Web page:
I finally watched The Sacrament after watching Ti West’s featurette on the Criterion House release, where he articulately advocated for art-horror films that are “challenging films.” Ti West’s prior films – well, The House of the Devil and The Innkeepers, anyway – weren’t for everyone, but they were interesting – and, in my book, quality – horror.
The Sacrament is a long way from challenging, however. Presented as a kind of modern day interpretation of the Jonestown deaths, West approaches the material in a way that is both aesthetically and thematically unoriginal. He adopts the found footage approach wholesale, right down to the inevitable third act where the framing device no longer makes any sense; he brings nothing new to a genre that’s already floundering.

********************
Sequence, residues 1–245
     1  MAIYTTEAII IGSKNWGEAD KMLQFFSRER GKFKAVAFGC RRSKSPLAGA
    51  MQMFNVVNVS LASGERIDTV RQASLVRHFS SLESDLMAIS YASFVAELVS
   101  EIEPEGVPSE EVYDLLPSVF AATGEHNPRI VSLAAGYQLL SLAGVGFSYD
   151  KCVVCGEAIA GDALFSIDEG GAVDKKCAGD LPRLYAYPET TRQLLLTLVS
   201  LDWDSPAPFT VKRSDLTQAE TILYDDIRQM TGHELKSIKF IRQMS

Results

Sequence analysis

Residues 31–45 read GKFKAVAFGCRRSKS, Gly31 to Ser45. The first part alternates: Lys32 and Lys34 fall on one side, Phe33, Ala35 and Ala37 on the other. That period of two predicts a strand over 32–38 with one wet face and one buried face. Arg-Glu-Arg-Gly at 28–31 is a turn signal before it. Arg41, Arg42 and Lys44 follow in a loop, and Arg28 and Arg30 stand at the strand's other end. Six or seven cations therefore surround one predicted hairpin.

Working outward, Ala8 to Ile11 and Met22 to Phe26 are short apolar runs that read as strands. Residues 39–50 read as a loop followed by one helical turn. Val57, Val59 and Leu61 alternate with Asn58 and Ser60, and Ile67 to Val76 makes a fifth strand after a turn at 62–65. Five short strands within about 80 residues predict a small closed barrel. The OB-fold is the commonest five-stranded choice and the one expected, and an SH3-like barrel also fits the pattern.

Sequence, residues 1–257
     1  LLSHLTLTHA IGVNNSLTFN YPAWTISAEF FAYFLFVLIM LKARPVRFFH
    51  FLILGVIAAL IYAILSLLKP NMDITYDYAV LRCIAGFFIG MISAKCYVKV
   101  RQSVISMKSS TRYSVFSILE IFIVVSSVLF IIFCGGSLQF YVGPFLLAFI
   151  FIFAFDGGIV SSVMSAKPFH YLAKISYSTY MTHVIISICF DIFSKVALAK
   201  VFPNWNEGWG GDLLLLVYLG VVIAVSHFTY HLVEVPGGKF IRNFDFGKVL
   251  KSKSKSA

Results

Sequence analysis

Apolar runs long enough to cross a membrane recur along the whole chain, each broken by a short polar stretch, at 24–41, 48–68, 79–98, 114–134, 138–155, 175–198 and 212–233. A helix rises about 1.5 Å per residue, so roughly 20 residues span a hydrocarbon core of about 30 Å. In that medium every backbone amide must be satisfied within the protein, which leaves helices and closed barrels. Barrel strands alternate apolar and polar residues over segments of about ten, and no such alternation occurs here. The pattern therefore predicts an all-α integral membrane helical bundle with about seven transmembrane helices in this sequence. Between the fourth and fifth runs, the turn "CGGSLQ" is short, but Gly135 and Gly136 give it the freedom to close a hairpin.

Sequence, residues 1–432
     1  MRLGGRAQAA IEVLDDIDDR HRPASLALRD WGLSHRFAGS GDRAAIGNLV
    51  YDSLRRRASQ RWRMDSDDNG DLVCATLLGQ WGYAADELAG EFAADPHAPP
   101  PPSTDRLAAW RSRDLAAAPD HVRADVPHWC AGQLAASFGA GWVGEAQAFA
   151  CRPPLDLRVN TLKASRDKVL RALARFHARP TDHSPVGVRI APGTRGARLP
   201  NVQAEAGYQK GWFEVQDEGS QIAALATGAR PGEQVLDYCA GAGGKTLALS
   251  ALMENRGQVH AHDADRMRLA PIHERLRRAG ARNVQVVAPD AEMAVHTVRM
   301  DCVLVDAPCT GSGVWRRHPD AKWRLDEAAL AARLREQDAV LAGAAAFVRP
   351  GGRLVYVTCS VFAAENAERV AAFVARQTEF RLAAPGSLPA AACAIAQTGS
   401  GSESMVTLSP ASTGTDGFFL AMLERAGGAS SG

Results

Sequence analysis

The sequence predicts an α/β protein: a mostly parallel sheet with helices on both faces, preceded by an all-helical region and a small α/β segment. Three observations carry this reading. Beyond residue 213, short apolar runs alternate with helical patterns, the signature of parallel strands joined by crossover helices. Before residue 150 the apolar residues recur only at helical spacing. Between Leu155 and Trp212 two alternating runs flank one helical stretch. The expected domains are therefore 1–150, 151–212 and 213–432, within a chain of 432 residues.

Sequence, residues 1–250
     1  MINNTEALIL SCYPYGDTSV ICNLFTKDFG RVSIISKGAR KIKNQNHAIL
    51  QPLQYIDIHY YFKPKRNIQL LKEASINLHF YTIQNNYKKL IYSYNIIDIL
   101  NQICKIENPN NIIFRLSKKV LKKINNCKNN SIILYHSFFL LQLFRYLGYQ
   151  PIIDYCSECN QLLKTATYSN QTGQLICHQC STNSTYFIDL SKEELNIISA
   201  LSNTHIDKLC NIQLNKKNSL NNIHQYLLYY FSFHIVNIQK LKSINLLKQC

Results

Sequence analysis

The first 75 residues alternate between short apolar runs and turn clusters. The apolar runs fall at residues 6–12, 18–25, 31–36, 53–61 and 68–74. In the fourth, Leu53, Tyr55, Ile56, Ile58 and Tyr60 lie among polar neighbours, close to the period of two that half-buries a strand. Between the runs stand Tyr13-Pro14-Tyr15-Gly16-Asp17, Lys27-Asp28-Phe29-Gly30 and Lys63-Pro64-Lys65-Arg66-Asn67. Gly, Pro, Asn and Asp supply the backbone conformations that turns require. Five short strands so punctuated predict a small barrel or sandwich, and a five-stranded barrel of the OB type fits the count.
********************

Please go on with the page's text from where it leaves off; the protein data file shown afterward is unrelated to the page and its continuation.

That’s not to say the film is without merit – it is genuinely chilling at times, largely thanks to Gene Jones’ performance as a loose-Jim-Jones-analogue called “Father”. But while I can’t entirely dismiss a film that succeeds in unnerving me, its approach to the subject material is problematic at best. The messy complexities of Jonestown – a communist-leaning “retreat” tacitly supported by the US government – are smoothed over in favour of cult stereotypes and some troubling (if presumably unintentional) racial undertones.